Dairy Foods has selected Chobani, based in Norwich, N.Y., as the 2012 Processor of the year for the following reasons:

• Market leadership position
• New product development
• Marketing initiatives
• Plant expansion
• Community involvement

Hamdi Ulukaya (photo) started the Chobani company (formerly known as Agro Farma) in 2005. With a Small Business Administration 504 loan, he bought a shuttered dairy processing facility from Kraft Foods in upstate New York and began making authentic strained Greek yogurt. ("Chobani" means "shepherd” in Mediterranean languages, a symbol of one who gives without expecting anything in return.)

A feature article about Chobani will be published in the December Dairy Foods, which will be available beginning Dec. 12.

Dairy Foods will present the award during the International Dairy Food Association's Dairy Forum, Jan. 27 to 30, 2013 in Orlando, Fla.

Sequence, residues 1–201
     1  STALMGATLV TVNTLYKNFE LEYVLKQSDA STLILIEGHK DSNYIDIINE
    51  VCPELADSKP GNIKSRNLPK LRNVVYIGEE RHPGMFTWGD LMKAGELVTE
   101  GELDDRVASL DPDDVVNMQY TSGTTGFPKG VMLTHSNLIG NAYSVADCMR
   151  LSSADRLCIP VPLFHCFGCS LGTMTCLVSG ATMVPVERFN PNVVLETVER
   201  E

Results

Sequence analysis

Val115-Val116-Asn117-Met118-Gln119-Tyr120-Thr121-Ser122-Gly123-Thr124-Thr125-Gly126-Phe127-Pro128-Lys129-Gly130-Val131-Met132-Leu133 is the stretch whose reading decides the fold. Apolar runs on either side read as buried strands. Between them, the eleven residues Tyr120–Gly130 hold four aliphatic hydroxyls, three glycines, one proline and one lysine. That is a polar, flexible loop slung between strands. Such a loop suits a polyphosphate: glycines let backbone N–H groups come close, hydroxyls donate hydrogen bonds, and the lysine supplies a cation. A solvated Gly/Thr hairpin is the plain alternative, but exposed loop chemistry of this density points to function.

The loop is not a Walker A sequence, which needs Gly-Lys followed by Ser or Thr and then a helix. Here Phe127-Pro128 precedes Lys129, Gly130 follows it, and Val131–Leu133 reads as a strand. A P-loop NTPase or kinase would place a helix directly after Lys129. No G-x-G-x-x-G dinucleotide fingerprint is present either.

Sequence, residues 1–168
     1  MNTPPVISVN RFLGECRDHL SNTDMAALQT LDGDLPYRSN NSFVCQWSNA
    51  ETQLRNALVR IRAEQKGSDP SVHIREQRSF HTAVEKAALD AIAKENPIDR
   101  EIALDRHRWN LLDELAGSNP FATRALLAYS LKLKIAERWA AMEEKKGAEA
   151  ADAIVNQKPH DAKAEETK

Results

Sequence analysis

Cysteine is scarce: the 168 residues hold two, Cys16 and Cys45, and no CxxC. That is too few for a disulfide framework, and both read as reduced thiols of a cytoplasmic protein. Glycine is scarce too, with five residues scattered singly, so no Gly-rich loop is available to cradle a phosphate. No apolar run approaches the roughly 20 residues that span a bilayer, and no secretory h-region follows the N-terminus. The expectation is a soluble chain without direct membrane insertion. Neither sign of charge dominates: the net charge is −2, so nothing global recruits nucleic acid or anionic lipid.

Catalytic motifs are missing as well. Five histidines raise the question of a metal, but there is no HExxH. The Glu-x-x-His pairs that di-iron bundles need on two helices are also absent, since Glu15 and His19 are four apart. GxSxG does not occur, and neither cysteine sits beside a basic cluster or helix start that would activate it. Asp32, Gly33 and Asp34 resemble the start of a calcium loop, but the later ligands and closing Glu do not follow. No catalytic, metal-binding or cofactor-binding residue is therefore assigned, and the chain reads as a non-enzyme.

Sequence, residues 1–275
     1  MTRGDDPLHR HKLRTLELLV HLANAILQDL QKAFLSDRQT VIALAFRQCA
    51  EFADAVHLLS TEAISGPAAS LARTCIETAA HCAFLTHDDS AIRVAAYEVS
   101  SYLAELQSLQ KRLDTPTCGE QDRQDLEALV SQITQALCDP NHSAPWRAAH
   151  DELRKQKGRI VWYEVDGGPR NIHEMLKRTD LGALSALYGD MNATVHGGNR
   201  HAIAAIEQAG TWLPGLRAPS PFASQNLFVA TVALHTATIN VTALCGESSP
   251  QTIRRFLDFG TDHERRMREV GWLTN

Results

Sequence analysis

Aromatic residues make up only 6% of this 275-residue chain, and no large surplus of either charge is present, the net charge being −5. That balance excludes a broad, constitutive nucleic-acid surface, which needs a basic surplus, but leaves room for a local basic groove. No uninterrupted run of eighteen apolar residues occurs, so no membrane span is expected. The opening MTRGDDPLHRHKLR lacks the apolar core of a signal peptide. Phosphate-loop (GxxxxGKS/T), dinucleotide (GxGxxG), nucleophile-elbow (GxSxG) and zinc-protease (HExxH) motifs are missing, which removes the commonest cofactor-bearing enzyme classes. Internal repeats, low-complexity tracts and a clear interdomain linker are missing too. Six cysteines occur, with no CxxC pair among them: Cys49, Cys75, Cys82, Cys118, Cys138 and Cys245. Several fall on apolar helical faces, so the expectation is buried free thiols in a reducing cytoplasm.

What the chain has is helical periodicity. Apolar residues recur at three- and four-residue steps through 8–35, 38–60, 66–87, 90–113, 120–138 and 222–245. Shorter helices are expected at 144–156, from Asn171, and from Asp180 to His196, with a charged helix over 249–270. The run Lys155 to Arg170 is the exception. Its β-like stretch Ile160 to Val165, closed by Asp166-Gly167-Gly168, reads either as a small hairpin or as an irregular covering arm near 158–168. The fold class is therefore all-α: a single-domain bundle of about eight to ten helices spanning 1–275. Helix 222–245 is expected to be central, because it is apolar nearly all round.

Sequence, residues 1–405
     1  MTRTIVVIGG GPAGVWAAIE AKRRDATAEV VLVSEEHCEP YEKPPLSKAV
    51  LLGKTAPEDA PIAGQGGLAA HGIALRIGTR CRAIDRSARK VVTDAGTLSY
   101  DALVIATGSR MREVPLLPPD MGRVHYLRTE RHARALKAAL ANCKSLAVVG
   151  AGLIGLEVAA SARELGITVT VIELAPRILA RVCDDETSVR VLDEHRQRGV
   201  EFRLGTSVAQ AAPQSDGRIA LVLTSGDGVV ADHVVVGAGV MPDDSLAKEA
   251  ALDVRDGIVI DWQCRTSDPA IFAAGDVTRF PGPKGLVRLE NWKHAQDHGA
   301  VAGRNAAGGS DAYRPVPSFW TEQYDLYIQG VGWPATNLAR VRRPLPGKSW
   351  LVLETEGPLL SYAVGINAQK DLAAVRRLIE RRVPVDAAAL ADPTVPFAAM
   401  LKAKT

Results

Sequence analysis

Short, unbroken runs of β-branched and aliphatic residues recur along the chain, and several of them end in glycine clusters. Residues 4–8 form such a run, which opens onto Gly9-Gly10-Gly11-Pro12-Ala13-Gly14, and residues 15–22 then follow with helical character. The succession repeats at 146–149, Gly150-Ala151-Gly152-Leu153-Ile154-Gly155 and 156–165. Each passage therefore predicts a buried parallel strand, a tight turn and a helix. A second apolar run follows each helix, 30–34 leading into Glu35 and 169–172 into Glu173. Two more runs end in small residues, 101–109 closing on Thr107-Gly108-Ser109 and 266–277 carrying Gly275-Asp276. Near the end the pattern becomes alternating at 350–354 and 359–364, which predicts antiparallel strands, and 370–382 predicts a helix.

Chobani Greek yogurt logoAs the SBA noted when it honored Ulukaya with an Entrepreneurial Success award in May, he started with a 100-year-old plant and a staff of five. Feta cheese was the original product. In 2007, the company began producing Greek yogurt without artificial flavors or preservatives. By 2008 the company had grown to 83 employees, with sales of $22.9 million. Now, with over 1,700 employees, Chobani is shipping nearly 2 million cases every week.

Chobani wasn't the first processor to sell the high-protein yogurt, but it certainly owns the market. By 2011, the Chicago-based market research firm SymphonyIRI Group named Chobani the leading yogurt brand in the United States, with a reported 18.6% market share. The privately held company does not release annual sales, but they have been estimated to be close to $1 billion.

Hamdi Ulukaya Chobani is the Dairy Foods magazine 2012 Processor of the year

To accommodate demand and growth, the New Berlin, N.Y., facility is being expanded and a new plant in Idaho is under construction. Chobani broke ground in Twin Falls, Idaho, in December 2011. The nearly $450 million high-capacity facility on 200 acres is in the state's so-called "Magic Valley." The plant, expected to create up to 400 jobs, is scheduled to be operational by the end of this year.